But as much Maya and Beau genuinely start to feel for one another, there are unmistakable differences in their worlds. When Maya passes up a chance to receive a cochlear implant, Beau doesn’t understand why Maya wouldn’t want to hear again. Maya is hurt Beau would want her to be anything but who she is—she’s always been proud to be Deaf, something Beau won’t ever be able to understand. Maya has to figure out whether bridging that gap between the Deaf and hearing worlds will be worth it, or if staying true to herself matters more.


I fell in love with this book easily, mostly because Deaf culture has always been a topic that’s near and dear to my heart. Growing up with a Deaf uncle, I was always fascinated by the chasms and bridges between Deaf and hearing culture, which is the main focus of this book. (Things have gotten much better since my uncle’s days of growing up—but that’s a whole other topic). I honestly believe that every teen should read this book, just so that they can get a glimpse into a “disability” that they might easily misunderstand. As always with this type of topic, the book can’t encapsulate the myriad of views and perspectives of all Deaf people, but it gives you an in-depth look at the heart and mind of one Deaf person, which can often be more powerful.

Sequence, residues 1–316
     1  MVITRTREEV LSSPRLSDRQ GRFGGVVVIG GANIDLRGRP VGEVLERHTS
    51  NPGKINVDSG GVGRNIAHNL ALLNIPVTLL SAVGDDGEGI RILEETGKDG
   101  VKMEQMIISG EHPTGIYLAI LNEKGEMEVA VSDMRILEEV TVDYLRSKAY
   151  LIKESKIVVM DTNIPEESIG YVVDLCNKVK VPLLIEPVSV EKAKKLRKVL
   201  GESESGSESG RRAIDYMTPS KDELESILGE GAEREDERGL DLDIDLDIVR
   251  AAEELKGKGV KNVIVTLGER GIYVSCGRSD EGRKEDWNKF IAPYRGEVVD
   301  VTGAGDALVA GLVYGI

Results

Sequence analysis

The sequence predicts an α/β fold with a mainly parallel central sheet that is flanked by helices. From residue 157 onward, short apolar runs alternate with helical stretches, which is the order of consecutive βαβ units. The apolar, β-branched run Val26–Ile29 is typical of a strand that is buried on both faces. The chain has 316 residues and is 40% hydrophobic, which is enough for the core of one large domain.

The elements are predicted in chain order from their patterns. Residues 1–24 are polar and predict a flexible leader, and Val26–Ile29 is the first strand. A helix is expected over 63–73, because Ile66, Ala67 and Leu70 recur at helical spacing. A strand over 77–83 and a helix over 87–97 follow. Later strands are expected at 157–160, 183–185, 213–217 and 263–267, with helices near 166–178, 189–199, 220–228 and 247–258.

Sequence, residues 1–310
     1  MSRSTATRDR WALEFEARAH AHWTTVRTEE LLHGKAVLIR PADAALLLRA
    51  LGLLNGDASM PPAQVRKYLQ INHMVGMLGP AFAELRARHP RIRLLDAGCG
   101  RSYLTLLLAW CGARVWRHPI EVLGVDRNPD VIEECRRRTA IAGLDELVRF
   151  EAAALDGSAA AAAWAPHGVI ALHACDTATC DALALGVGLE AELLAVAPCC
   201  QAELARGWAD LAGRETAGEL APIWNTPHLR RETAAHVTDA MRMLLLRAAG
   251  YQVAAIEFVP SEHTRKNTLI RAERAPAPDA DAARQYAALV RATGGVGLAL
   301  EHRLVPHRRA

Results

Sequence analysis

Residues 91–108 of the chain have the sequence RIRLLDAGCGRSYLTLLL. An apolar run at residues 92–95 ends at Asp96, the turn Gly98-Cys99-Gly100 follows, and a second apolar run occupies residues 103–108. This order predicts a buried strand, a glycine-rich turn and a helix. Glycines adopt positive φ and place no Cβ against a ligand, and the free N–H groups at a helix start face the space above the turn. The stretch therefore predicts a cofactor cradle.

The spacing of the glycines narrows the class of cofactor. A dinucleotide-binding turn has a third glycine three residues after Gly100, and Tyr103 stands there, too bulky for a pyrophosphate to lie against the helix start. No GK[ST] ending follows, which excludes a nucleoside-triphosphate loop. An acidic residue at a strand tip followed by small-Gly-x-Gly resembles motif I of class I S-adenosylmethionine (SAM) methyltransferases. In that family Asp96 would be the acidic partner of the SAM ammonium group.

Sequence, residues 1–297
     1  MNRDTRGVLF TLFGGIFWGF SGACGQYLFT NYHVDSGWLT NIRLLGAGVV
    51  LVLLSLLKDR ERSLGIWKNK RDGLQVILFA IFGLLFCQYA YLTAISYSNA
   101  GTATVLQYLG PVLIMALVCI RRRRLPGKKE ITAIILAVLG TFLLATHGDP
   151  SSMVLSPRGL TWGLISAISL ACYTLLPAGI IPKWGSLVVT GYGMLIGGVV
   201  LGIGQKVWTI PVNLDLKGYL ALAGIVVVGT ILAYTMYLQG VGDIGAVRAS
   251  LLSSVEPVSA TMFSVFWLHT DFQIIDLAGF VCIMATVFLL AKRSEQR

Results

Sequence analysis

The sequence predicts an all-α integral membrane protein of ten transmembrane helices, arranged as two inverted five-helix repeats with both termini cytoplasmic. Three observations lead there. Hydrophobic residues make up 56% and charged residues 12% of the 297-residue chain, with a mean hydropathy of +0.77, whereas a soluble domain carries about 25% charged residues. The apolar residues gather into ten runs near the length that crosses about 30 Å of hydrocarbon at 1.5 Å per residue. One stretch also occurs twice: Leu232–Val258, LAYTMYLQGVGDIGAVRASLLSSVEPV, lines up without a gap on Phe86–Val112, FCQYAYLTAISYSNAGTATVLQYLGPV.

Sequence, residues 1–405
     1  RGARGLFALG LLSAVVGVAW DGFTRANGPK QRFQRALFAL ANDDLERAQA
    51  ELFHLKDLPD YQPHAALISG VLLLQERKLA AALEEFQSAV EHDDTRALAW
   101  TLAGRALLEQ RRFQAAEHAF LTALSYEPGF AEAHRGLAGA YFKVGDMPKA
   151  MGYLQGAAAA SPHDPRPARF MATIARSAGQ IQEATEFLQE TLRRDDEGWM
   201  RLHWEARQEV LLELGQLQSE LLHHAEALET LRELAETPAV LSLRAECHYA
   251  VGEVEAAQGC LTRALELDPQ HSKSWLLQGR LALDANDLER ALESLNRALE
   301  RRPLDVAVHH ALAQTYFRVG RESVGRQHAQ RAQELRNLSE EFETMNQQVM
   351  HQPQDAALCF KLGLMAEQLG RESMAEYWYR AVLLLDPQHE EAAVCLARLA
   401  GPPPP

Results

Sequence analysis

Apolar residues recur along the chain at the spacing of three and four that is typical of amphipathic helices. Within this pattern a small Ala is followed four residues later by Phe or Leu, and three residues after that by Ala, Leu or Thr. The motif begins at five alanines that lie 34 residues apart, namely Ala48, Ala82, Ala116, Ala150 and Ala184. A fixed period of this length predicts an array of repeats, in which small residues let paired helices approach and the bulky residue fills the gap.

Maya struggles when she moves from a Deaf school to a hearing one where she’s the only deaf student—she isn’t sure she even wants to fit in at this new school, and she knows that it’s going to be a rough road ahead of her. The book is honestly pretty light on plot, which usually frustrates me; but in this case I was carried forward by my personal investment in Maya’s character. I also loved Beau, even when he messed up (which most people will often do when they don’t really understand what being Deaf truly means). I appreciated that the book showed imperfect people trying their best to treat Maya with love and respect but sometimes failing because this is often reality in life (isn’t it true for so many things, actually, not just in the case of someone who’s Deaf?). And the friendship between Nina and Maya is fantastic too.